I think perhaps that is somewhat motivated by the fact that in competition, PvP, players don’t like to lose, and channel that resentment towards the tactics of the player. Rather than admit they were responsible for their own defeat, some people would rather be in denial and lash out, try to discredit their opponent’s victory to make themselves feel better. But then you might point out to such a person that they could do the same thing. A common response is that exploits or “cheap” strategies “take the fun out of the game,” and that they would rather win “legitimately” (according to their arbitrary code of honor) rather than win using cheap tactics or “cheating.” They claim they would derive no satisfaction from such a win.

The problem with that position is that they conveniently forget that fun is subjective. For some people the challenge of strong tactics and exploits makes the game more interesting, as they have to think of new ways to address these tactics, and either new tactics are found or everyone uses that one strategy. And if does turn out that everyone uses one strategy, inevitably people will start to find ways around it. Some people will still be better than others. The metagame will evolve. Provided the game is deep enough of course. And if it isn’t, if there is only one strategy (like tic-tac-toe), then that’s just a deficiency of the game. There’s nothing wrong with exploring the limits of a game and seeing how adaptable it is. That’s where the real allure of playing beyond the basic guidelines provided by the designers lies.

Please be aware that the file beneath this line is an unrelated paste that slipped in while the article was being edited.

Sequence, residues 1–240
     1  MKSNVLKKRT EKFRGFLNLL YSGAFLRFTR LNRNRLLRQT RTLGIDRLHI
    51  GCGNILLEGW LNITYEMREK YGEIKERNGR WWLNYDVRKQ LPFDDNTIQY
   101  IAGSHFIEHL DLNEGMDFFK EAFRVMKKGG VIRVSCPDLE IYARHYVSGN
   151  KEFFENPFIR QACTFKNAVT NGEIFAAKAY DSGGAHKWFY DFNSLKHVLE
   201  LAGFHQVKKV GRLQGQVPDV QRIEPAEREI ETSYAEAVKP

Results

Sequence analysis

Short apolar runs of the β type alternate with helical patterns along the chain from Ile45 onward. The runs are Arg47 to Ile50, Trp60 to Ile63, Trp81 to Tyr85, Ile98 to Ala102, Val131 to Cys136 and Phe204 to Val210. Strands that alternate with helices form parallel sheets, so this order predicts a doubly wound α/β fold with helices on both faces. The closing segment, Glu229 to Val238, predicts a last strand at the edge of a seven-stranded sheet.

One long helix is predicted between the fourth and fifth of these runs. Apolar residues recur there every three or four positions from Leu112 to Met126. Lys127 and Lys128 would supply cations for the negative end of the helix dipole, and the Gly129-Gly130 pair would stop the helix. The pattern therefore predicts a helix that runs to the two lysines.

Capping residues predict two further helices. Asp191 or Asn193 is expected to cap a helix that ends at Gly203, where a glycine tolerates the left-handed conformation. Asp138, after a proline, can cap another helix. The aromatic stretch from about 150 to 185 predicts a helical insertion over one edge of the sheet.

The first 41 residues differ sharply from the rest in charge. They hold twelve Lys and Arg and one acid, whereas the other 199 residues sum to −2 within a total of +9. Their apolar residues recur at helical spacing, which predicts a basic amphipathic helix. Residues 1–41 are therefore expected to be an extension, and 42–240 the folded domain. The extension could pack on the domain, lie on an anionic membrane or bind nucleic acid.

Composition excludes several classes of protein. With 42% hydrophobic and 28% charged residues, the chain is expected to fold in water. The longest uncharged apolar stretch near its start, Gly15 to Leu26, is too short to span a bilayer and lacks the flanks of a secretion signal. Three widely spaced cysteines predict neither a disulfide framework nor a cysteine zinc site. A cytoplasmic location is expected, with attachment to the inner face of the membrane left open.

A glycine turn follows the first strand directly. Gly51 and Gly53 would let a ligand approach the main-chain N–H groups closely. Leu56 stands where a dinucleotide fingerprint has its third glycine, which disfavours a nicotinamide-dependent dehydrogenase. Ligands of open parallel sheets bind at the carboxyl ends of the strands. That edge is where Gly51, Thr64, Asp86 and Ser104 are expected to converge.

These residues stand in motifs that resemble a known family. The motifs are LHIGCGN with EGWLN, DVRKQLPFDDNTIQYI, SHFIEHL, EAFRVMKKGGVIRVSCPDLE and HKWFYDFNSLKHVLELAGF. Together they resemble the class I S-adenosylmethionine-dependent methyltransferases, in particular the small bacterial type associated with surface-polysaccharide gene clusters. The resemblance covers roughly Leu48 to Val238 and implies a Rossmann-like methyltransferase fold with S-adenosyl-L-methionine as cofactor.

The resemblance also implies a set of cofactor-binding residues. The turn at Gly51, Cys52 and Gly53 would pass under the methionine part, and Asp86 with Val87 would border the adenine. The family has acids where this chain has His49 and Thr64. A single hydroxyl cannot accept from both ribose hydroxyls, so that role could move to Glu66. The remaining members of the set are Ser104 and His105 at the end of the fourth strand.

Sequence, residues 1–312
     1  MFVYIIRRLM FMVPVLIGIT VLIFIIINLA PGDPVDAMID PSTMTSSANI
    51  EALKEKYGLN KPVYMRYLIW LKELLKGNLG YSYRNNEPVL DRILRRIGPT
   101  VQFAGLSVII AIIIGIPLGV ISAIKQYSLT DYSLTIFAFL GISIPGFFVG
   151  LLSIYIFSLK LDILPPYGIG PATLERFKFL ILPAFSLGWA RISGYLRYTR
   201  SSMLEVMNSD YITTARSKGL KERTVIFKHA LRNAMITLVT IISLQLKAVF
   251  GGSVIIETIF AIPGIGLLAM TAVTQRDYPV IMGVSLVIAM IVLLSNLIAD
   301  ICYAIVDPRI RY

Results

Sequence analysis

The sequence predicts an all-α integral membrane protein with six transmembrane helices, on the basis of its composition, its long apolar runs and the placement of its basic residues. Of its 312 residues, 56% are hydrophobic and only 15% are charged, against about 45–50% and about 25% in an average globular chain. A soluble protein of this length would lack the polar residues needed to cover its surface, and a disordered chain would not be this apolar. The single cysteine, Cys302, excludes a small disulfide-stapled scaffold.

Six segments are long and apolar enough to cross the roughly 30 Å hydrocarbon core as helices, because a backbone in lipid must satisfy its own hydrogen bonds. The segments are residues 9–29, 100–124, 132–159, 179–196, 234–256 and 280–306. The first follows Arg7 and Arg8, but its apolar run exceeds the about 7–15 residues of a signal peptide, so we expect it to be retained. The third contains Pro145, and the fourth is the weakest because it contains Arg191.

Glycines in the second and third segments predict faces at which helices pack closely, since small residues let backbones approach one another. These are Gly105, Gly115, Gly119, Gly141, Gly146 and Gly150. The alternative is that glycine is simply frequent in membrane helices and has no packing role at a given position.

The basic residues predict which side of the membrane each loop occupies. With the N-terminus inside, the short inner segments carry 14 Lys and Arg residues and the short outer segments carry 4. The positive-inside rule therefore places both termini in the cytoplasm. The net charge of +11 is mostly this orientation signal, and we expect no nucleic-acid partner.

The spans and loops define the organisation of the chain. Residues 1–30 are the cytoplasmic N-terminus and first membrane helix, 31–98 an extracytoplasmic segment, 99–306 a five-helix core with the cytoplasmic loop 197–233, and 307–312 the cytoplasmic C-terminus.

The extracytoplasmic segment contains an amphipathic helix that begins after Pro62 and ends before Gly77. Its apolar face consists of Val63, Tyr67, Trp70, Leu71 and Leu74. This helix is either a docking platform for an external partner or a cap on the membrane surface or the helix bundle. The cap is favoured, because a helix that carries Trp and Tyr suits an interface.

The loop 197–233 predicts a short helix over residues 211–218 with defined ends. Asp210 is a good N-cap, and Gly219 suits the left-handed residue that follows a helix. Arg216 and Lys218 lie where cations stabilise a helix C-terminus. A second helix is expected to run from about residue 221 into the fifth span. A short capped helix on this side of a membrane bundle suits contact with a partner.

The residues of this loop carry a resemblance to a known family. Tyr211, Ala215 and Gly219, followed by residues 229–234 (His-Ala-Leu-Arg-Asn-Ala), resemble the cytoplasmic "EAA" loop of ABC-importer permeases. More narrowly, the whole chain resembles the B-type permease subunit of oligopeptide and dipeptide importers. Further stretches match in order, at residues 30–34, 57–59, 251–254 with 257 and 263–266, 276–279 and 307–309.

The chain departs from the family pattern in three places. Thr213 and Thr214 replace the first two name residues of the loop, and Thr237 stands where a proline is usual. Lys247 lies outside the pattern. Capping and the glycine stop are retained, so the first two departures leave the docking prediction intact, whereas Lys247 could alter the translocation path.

And really if you don’t like losing you have three choices: play in an isolated environment where the gameplay and players are artificially limited in their development, or change, adapt to the new strategies which are emerging and overcome them or perfect them. The third option is, of course, to stop playing. It’s better than complaining anyway, for all sides.

So I tried to start this off from an objective perspective, but I think it’s been clear for a while now that I’m quite biased towards one side. I will say though that at one time I used to think like the first group, believing in the concepts of “cheap” and “unfair.” Heck, I still lapse into that sometimes when I lose and frustration clouds my mind. But even then the cold voice of logic underlies it reminding me that those are just artificial constructs of my invention, and that the reaction is born of resentment. If you want to actually improve as a gamer, you’re going to need to learn to shed those notions and adjust your attitude to a willingness to learn from those that crush you, and one day you might actually return the favor. If you don’t you won’t ever beat them.

– TD